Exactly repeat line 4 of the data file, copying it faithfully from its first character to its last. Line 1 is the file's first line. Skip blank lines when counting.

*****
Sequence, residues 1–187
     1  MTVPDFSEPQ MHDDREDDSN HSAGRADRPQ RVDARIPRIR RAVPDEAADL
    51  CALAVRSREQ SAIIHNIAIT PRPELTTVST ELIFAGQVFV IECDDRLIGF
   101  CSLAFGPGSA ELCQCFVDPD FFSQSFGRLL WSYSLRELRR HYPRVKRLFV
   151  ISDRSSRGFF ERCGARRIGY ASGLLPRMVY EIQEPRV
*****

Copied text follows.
   101  CSLAFGPGSA ELCQCFVDPD FFSQSFGRLL WSYSLRELRR HYPRVKRLFV